Bordering the Sonian Forest is the DROHME Park named after the Boitsfort hippodrome. It welcomes many hikers and cyclists, and features a golf course on the old premises of the racecourse. Now it is also home to a new jewel: It's called Le Pesage and it is designed by the acknowledged architect Lionel Jadot.
A new restaurant? Yes, but not really. It's a matter of perspectives really. The building that today houses the restaurant, was built in 1900 next to the former racecourse and functioned as a weighing room for jockeys. Traditionally, since each horse had to carry the same burden to ensure fair competition, the jockeys were weighted and, if necessary, extra pounds were added to the saddle of the more lightweight jockeys.
The hippodrome was a popular scene for the horse-loving and wealthy 'beau-monde' of Brussels. At the end of the 20th Century, the horseraces lost in popularity and the jockey room was repurposed in turns as a restaurant, a dance hall and a workspace for artists. The heritage site lost its grandeur and at a certain point, they even considered taking down the building because it was in such a deplorable state.
Thanks to the efforts of some enthusiasts, further dilapidation of the weigh-in building was prevented. The DROHME Park came into being, the racecourse became a golf course and the crumbling building underwent a big renovation. Enter architect Lionel Jadot.
After the renovations, the facade looked all nice and pretty again, but inside, it was still an empty structure, much to the delight of Lionel Jadot who had 'carte blanche' to decorate the place to his own liking. Trying to maintain this concept of 'old and new', he recycled old materials and gave them a new life within the interior design of Le Pesage. The bar is covered with rubber, old sheets became decorative fabric, the artistic ceiling decoration is made from old boards, the plaster tree-shaped sculpture is stuffed with recycled materials...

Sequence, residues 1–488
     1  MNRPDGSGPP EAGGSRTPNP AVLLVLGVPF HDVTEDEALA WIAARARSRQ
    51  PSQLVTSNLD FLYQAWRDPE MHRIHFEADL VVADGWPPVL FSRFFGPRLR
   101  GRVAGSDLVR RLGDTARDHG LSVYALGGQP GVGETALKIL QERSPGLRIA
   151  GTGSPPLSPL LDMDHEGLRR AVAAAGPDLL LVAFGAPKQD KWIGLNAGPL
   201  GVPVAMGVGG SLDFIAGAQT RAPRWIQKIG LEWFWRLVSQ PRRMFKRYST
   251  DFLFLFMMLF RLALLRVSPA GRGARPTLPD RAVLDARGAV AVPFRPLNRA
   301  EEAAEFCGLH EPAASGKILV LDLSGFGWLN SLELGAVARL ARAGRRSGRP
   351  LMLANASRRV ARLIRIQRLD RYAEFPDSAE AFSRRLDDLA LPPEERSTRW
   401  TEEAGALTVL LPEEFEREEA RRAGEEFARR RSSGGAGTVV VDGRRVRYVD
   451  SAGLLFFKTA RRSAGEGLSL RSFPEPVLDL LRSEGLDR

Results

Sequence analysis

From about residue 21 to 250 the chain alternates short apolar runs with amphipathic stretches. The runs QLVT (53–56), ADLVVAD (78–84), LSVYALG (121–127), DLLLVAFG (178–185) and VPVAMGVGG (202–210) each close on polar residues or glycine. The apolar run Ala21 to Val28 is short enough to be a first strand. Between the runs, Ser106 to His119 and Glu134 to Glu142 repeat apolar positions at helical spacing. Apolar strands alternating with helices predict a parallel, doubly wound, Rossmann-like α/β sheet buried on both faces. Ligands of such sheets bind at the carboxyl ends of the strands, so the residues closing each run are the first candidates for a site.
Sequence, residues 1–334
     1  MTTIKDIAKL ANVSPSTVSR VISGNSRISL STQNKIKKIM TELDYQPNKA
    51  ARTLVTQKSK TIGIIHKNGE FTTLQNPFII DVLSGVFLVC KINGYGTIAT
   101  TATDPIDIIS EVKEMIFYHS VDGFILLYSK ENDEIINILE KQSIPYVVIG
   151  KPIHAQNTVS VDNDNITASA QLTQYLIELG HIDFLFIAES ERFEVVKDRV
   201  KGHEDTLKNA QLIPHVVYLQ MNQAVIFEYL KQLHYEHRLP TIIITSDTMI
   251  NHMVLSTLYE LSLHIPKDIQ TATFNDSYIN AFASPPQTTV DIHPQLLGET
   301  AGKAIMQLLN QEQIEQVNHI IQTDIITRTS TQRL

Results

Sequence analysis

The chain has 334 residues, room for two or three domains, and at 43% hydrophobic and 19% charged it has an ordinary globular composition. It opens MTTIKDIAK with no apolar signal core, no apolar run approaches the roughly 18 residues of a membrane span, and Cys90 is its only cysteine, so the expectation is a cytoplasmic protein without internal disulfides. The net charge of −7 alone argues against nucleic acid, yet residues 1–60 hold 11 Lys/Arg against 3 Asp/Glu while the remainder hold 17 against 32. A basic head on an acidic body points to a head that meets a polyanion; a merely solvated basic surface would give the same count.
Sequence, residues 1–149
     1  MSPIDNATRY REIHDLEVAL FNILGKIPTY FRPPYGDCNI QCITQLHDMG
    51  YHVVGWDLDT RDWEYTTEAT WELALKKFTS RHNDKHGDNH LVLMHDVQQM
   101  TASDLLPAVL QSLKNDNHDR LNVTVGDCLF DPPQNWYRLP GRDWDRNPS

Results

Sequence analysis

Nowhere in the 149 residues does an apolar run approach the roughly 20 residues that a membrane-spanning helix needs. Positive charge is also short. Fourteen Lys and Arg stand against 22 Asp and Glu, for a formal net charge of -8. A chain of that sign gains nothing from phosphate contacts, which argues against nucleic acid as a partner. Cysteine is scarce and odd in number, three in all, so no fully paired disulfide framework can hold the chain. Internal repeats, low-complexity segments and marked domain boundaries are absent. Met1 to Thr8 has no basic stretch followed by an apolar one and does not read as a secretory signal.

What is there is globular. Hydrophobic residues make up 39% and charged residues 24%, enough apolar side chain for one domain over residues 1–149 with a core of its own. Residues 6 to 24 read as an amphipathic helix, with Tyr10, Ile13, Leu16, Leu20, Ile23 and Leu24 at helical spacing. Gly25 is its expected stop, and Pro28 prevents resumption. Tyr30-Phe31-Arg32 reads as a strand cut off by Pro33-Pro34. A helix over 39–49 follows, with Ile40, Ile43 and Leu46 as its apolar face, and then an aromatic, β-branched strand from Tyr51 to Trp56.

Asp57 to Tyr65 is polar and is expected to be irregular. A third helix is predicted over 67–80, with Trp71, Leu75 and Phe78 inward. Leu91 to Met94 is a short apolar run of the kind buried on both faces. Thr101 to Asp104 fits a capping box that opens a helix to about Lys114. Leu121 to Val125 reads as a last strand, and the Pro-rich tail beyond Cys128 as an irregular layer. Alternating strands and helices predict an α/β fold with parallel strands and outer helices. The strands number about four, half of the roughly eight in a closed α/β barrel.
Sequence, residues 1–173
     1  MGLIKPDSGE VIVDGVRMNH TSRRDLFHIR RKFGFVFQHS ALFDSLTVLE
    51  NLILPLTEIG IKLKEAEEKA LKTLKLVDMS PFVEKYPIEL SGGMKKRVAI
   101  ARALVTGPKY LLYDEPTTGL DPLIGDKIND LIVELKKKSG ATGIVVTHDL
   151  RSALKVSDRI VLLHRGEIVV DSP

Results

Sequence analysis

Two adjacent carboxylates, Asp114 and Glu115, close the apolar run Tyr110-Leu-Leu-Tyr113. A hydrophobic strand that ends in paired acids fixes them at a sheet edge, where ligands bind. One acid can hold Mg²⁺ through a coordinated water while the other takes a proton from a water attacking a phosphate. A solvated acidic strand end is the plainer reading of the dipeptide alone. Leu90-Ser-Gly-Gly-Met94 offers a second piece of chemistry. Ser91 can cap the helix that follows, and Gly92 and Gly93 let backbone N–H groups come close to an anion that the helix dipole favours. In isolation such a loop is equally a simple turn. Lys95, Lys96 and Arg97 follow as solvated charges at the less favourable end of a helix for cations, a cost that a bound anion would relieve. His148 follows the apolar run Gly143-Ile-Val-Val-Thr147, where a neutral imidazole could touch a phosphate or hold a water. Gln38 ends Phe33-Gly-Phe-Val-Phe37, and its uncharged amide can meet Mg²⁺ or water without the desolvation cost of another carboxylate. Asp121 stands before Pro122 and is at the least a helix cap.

Lionel Jadot tried to evoke contrast by combining elements that would normally clash badly, yet somehow he obtained a beautiful harmony between all those very diverse elements. The colorful cut-up flags then, are the icing on the cake that make the entire place look truly festive. These African flags refer to the colorful attire worn by the jockeys on the racecourse.
It is possible to keep on marveling at the eclectic interior design, but by now you're probably wondering about the food. At Le Pesage, they borrowed ideas from the Spanish tapas concept. It's all about spending a good time with your company while sharing a savory meal. Typical about their culinary concept is the slow-and-low approach to cooking enhanced by Spanish-style barbecue, which makes the distinct flavors stand out. Special attention is given to products with short supply chains, like honey from Boitsfort.
The chefs Javier and Germán from Granada make sure that the food meets the high standards set by Sandrine Jadot, the sister of Lionel Jadot. Together with her son Charlie Delval, she manages Le Pesage that has thus become a real family business.
Prices for a dish 'a la plancha' vary between 13 and 20 euros, which makes it affordable for all.